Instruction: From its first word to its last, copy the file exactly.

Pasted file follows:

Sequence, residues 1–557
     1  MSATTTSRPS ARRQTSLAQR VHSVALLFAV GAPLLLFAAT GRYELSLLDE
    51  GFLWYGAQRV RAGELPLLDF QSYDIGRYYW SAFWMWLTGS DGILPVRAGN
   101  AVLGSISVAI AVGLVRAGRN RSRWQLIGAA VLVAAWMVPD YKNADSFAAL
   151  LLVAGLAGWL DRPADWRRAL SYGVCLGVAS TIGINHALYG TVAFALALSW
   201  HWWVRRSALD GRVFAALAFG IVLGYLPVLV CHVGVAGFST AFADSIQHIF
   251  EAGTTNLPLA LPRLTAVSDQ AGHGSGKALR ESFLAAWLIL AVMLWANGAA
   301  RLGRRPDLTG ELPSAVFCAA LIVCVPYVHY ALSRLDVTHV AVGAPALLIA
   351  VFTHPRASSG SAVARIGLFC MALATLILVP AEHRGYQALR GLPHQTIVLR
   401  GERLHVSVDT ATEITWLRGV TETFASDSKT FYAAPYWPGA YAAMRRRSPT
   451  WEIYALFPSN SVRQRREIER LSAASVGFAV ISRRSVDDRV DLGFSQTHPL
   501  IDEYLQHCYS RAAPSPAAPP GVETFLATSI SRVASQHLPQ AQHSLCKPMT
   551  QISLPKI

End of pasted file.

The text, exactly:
Sequence, residues 1–557
     1  MSATTTSRPS ARRQTSLAQR VHSVALLFAV GAPLLLFAAT GRYELSLLDE
    51  GFLWYGAQRV RAGELPLLDF QSYDIGRYYW SAFWMWLTGS DGILPVRAGN
   101  AVLGSISVAI AVGLVRAGRN RSRWQLIGAA VLVAAWMVPD YKNADSFAAL
   151  LLVAGLAGWL DRPADWRRAL SYGVCLGVAS TIGINHALYG TVAFALALSW
   201  HWWVRRSALD GRVFAALAFG IVLGYLPVLV CHVGVAGFST AFADSIQHIF
   251  EAGTTNLPLA LPRLTAVSDQ AGHGSGKALR ESFLAAWLIL AVMLWANGAA
   301  RLGRRPDLTG ELPSAVFCAA LIVCVPYVHY ALSRLDVTHV AVGAPALLIA
   351  VFTHPRASSG SAVARIGLFC MALATLILVP AEHRGYQALR GLPHQTIVLR
   401  GERLHVSVDT ATEITWLRGV TETFASDSKT FYAAPYWPGA YAAMRRRSPT
   451  WEIYALFPSN SVRQRREIER LSAASVGFAV ISRRSVDDRV DLGFSQTHPL
   501  IDEYLQHCYS RAAPSPAAPP GVETFLATSI SRVASQHLPQ AQHSLCKPMT
   551  QISLPKI